Breathworks Mindfulness,  Meditation

How To Find The Right Meditation Posture For Your Body

My tendency to practise on the floor came from having a strict routine, this was the place I could get into the zone. Although it became apparent I was leaving little room for adaptation, especially for my body. 

So why not lye on the bed? I’ve always told myself not to lye on the bed in the daytime, after all, it can increase sleepiness and the tendency to stay there too long. Telling myself this constantly meant I never truly felt relaxed in my practise and meditation is about relaxing into the experience. There are so many different positions and aids we can use to help our body. You have probably seen the pictures of people sitting crossed legged, being the perfect mediator? This is so untrue, there are so many ways to make meditation more accessible for everybody and need. I know how daunting meditation can be with chronic pain, so let’s get into the many ways we can practise.

Trying to be a perfect meditator

So I want to tell you to ‘throw out the rule book’ Meditation is suppose to be relaxing not a stamina test to see how long we can lye in discomfort. You might be wondering how we tell the difference between pain caused through difficult posture or the pain we usually experience? This one is tricky, often for me a pain caused by strain is different than what I would normally experience, I only get a strain in my back if I’m sitting upright for a long period of time. Distinguishing between what pain to listen to and sit requires us to sit with different experiences over different periods of practise. I am still learning and adapting my positions and it will change frequently with my body. Take time over your posture and know you will have to adapt and change. Awareness is not the same as endurance and sitting with pain is not an endurance test, if you are feeling an increase in pain due to position you are likely to feel more stressed and frustrated.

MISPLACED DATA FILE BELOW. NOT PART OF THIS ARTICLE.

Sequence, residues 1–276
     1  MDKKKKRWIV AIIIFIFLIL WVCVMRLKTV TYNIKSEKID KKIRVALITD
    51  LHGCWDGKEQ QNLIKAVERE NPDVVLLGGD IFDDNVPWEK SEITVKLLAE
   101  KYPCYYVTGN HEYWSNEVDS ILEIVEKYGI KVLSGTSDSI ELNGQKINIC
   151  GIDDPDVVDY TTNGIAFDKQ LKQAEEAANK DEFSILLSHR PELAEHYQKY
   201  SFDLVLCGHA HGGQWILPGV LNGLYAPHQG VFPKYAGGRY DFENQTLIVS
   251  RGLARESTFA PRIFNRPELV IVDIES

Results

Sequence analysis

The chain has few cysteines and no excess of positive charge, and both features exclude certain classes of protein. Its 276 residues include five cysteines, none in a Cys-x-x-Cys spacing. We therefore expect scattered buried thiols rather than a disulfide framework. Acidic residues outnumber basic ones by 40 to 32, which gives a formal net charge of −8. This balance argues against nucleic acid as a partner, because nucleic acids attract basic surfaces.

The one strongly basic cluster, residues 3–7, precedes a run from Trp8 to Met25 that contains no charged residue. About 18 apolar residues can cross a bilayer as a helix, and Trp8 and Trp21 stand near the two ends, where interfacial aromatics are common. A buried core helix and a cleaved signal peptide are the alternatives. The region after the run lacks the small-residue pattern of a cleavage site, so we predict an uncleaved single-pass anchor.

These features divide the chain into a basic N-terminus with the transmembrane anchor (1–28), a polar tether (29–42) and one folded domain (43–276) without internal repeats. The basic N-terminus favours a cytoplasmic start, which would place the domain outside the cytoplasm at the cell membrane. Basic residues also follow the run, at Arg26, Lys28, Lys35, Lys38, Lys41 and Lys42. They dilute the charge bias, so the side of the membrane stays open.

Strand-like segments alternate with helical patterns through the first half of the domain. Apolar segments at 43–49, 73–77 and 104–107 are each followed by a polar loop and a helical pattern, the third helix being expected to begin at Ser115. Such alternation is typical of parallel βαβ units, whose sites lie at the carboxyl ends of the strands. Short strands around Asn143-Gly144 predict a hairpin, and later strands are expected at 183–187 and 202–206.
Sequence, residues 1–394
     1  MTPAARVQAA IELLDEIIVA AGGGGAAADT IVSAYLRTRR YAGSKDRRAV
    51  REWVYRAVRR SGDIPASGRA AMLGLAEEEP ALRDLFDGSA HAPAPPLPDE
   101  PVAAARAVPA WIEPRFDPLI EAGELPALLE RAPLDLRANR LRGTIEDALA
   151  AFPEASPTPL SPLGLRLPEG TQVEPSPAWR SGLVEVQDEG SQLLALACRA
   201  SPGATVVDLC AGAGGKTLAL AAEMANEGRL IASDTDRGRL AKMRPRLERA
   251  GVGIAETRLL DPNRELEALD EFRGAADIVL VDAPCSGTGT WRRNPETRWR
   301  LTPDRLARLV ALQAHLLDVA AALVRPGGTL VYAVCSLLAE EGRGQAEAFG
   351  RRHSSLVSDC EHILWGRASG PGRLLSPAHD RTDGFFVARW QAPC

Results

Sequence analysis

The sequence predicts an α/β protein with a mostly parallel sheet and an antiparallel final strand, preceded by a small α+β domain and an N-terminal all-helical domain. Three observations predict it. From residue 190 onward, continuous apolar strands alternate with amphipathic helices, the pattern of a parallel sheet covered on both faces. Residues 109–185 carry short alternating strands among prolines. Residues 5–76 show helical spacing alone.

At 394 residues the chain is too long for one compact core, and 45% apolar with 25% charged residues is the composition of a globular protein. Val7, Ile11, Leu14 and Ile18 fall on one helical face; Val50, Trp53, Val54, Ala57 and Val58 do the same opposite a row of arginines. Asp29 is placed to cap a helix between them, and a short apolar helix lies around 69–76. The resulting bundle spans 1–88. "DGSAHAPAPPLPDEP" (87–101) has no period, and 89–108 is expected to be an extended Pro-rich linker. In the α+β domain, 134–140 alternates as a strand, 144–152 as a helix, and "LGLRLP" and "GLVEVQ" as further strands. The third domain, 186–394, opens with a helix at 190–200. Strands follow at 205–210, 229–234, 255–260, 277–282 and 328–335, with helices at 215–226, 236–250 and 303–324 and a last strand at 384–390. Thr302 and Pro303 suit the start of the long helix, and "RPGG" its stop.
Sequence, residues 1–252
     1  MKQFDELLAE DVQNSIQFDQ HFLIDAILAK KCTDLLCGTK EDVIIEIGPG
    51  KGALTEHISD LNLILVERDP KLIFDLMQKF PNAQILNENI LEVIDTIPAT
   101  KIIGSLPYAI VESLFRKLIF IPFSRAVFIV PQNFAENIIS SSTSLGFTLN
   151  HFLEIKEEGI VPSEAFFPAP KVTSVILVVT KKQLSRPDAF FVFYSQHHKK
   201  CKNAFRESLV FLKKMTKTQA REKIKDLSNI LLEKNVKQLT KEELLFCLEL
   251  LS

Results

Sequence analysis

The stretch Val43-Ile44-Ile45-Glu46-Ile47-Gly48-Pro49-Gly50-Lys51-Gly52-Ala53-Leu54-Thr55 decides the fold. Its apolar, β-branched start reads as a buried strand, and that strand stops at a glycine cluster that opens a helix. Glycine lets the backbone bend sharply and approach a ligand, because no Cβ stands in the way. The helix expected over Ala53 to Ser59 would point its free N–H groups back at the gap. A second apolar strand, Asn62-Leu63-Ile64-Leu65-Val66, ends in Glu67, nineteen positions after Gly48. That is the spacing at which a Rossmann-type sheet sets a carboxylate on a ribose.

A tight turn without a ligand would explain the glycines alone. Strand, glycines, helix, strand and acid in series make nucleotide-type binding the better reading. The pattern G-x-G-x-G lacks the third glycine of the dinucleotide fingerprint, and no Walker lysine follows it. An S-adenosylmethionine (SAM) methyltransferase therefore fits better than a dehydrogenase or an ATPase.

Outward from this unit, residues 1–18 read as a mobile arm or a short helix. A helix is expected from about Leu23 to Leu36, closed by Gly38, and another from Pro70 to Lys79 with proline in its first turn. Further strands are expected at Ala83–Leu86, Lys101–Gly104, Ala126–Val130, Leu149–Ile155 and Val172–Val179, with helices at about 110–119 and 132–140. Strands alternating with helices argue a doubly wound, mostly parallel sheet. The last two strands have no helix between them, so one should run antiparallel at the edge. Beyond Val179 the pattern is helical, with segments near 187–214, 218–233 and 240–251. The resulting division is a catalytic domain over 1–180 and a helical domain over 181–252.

You do not have to sit cross legged if this is painful
Meditation can be done just as effectively lying in bed

True or False

  1.  ‘You have to sit cross-legged to meditate’, FALSE. Sitting like this is the worst for me, my feet go numb, my back hurts and my leg often cramp. for a long time, I thought I was doing something wrong when the discomfort posited. I never was I just believed that was the only way. 
  2. ‘Sitting upright in meditation allows the breath to flow’ TRUE but you can do this effectively lying down, your spine is still straight and if anything I find feeling the breath a lot easier in this position. 
  3. ‘You can not meditate on the bed’. FALSE, this one I’ve already touched on above. I believed the bed was not a good place to meditate after all I need focused awareness to meditate, but If you are in pain lying on the floor it is more beneficial to feel comfortable and relaxed. 
  4. ‘I can not fall asleep, I’m meditating wrong’ ‘ FASLE also. My mentor said if you fall asleep your body needs it! and that doesn’t mean you need to sleep hours, just set an alarm in case you fall asleep but sometimes accept that your body needs the rest. 
  5. ‘You can not move during your meditation’. FALSE, this one took me a while to realise if you need to shift your position or get up and stretch do that! You can still practise this mindfully by tuning in to the body, moving or just hit pause on the meditation if you need a few minutes.This is especially important dont try to grit your teeth through the pain.
A good place to start